78th Golden Globe Awards kick off 2021 awards season with big wins for ‘Nomadland,’ ‘Borat Subsequent Moviefilm’

Photo of Tina Fey and Amy Poehler at the Golden Globes
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The 78th Golden Globe Awards started off the 2021 awards season with a whimper. Broadcast simultaneously from New York and Los Angeles Feb. 28, it was a relatively dull, occasionally clumsy ceremony that handed out few surprises and feebly attempted to respond to the recent criticism of the Hollywood Foreign Press Association (HFPA) for its lack of Black membership and questionable nomination process.

Return hosts Tina Fey and Amy Poehler did a laudable job emceeing the ceremony from separate venues on opposite coasts. Their monologue was mostly by the book, featuring an enjoyable bit about how the boundary between television and film has all but disappeared during a year when we watched everything from our couches. The monologue did include some surprising shots at the HFPA toward the end — it appeared to be an early signal of some serious self-reflection for the voting body, but the criticisms went mostly unaddressed for the remainder of the night, save for a terse mea culpa delivered by three HFPA executives halfway through. 

The ceremony sensibly doled out most of the night’s largest film trophies. Best picture, drama went to Chloé Zhao’s “Nomadland.” Zhao likewise took the best director win, becoming the second woman ever to do so. Both wins were expected, as was best picture, foreign language for “Minari” and best screenplay for Aaron Sorkin’s “The Trial of the Chicago 7,” which deservedly topped a host of worthy competitors. 

The television categories were likewise predictable, with the biggest awards of the night being taken home by “Schitt’s Creek,” “The Crown” and “The Queen’s Gambit.” The first television award went to John Boyega for his supporting performance in Steve McQueen’s “Small Axe” anthology, beating favorite Dan Levy for his role in “Schitt’s Creek.” And although the “Schitt’s-storm” that took place at the Emmys was denied a repeat performance out of the gate, they rebounded quickly, with Catherine O’Hara winning the trophy for best television actress, musical/comedy Series.

Daniel Kaluuya won the trophy for his supporting performance in “Judas and the Black Messiah,” and was immediately stymied by a muted microphone as he tried to mount an acceptance speech. This wouldn’t have been an at-home Golden Globes without at least one technical blunder — and, naturally, without the chaos. 

Co-stars Josh O’Connor and Emma Corrin each received Globes for their performances as Prince Charles and Princess Diana in “The Crown,” whose fourth season tracked the rise and fall of the storied royal relationship. Gillian Anderson later won for her supporting performance in the show as Prime Minister Margaret Thatcher, and with the Best Drama Series Globe, “The Crown” ultimately cemented itself as one of the biggest winners of the night.

The Globes are not known for acumen, and the show held to that notorious heritage this year. HFPA shot a confounding misfire by sending Jodie Foster home with the award for best supporting actress, motion picture. Foster, of “The Mauritanian,” hit the nail on the head: “Are you kidding me? I think you made a mistake.” The win came out of left field in an already turbulent ballgame that was firmly between Olivia Colman, Glenn Close and Amanda Seyfried for their elevating acts.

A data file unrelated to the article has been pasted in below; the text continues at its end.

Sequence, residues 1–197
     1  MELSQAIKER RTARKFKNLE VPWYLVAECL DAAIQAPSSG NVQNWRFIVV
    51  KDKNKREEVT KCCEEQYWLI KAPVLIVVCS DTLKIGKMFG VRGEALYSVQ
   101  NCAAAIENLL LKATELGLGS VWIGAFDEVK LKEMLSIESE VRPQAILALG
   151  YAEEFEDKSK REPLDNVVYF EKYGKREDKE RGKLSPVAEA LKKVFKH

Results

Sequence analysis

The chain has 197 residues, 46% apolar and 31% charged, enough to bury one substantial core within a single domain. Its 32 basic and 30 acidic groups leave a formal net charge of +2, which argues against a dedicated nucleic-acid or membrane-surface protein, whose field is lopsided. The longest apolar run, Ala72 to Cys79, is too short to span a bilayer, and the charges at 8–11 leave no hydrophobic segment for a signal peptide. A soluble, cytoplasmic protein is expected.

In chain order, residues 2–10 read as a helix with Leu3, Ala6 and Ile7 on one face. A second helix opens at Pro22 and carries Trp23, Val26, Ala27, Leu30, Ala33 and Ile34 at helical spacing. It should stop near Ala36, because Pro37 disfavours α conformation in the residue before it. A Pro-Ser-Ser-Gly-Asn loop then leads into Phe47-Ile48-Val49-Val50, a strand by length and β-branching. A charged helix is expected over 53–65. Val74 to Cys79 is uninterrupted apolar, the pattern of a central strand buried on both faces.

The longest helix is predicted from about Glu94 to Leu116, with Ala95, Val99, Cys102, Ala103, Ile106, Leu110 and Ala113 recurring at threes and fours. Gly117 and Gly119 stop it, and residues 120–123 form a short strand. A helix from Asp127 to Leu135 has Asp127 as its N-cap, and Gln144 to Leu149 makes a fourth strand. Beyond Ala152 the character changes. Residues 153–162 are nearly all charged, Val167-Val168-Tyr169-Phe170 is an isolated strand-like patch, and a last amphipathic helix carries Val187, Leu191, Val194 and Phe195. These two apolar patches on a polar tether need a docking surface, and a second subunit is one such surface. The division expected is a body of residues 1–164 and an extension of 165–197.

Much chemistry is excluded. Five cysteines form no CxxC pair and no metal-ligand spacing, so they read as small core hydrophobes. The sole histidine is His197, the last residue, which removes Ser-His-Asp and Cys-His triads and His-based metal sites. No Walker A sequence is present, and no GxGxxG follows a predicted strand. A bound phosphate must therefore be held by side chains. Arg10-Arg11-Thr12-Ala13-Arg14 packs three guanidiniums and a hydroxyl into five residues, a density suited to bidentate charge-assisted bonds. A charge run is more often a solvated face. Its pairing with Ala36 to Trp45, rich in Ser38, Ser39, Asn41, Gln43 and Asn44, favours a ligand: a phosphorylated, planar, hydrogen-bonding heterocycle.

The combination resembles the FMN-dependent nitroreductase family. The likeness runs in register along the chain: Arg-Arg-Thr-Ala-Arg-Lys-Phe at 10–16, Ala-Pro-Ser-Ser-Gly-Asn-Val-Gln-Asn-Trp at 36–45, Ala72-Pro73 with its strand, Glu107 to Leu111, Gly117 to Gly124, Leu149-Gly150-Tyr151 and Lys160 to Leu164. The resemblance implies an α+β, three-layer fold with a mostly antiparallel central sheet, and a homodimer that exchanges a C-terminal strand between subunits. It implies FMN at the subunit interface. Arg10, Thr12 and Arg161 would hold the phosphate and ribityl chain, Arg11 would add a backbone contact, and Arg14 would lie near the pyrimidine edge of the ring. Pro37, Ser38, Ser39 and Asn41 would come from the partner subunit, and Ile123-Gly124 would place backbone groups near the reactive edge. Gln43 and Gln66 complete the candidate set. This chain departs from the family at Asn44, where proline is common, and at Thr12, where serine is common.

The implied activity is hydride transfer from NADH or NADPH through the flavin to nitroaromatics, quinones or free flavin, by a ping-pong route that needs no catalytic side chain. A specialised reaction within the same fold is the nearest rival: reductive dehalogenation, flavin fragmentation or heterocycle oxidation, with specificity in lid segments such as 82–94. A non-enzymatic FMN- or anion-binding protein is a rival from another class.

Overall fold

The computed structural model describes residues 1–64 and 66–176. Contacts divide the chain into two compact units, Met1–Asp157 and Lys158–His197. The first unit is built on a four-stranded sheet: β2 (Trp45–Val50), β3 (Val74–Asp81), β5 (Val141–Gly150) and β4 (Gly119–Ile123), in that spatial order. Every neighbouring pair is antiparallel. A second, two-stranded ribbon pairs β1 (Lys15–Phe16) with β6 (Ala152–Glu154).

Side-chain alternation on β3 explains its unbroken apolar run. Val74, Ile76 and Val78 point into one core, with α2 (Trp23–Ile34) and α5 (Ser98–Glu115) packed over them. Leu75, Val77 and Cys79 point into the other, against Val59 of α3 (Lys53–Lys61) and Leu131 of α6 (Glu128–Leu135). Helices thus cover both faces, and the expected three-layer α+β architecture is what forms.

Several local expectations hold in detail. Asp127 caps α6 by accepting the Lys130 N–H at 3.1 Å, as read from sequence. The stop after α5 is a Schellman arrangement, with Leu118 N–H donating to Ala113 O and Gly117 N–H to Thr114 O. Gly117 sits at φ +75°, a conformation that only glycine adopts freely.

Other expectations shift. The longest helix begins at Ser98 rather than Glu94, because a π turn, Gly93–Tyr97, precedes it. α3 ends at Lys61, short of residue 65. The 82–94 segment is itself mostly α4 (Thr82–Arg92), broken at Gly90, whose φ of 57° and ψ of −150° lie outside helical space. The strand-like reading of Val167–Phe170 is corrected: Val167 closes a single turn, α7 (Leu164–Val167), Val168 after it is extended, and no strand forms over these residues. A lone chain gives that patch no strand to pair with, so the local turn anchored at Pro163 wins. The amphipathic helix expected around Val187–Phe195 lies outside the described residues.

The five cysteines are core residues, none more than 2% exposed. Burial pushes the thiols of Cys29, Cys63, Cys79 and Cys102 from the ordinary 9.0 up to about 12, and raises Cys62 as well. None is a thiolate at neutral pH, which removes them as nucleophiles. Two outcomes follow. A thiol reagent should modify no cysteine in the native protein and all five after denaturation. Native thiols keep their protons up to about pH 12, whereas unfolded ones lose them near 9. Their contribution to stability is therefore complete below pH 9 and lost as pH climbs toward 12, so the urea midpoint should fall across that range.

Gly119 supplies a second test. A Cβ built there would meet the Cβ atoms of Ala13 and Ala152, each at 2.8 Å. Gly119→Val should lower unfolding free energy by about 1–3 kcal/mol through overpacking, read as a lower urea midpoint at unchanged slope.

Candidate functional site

Foster’s was not the only wacky win. Rosamund Pike’s performance in “I Care a Lot” edged out Maria Bakalova’s breakthrough comedic genius in “Borat Subsequent Moviefilm” for the best actress, motion picture, musical/comedy, prize. The win was not entirely surprising, though, and turned out to be foreshadowing for a couple of other categories. 

The HFPA’s logic appears — emphasis on “appears” — to be them hewing to the Academy Awards’ judgment: The Academy relegated Bakalova to the supporting actress category and barred “Hamilton” outright. Despite Bakalova’s loss, Sacha Baron Cohen won for his starring role in his “Borat Subsequent Moviefilm,” which also received best picture, musical/comedy.

Jason Sudeikis was another surprise win for his starring role in “Ted Lasso,” coming in over favorite Eugene Levy. The Levy father-son duo didn’t walk away totally empty-handed though, as “Schitt’s Creek” went on to win for best musical/comedy series. 

The television categories were finished out with the television motion picture categories, which fan-favorite “The Queen’s Gambit” dominated — dual nominee Anya Taylor-Joy won for her performance as Beth Harmon, which was followed up with a win for the series itself.

In the most emotional speech of the evening, Taylor Simone Ledward, Chadwick Boseman’s wife, teared up as she accepted his posthumous award for his lead role in “Ma Rainey’s Black Bottom” — no upsets there, thankfully. The best actress, motion picture drama category proved rowdier than anticipated, with Andra Day, “The United States vs. Billie Holiday”, unseating major contenders Viola Davis and Frances McDormand. Day is only the second Black woman to win the award. 

Keeping a lid on the anarchy, the Globes delivered “Soul” best picture, animated, in addition to best score motion picture by way of Trent Reznor, Atticus Ross and Jon Batiste. Best song motion picture went to Diane Warren, Laura Pausini and Niccolò Agliardi’s “Io Sì (Seen)” in Italy’s “The Life Ahead.”

Though the Golden Globes don’t necessarily presage the rest of the awards season, “Nomadland” and “The Trial of the Chicago 7” emerge as the films to beat heading into future ceremonies. “Schitt’s Creek” walks away with one final feather in its cap, and “The Crown” and “Queen’s Gambit” look like serious contenders for the 2021 Emmys. 

Matthew DuMont is a deputy arts & entertainment editor. Contact him at [email protected].

Dominic Marziali covers film. Contact him at [email protected].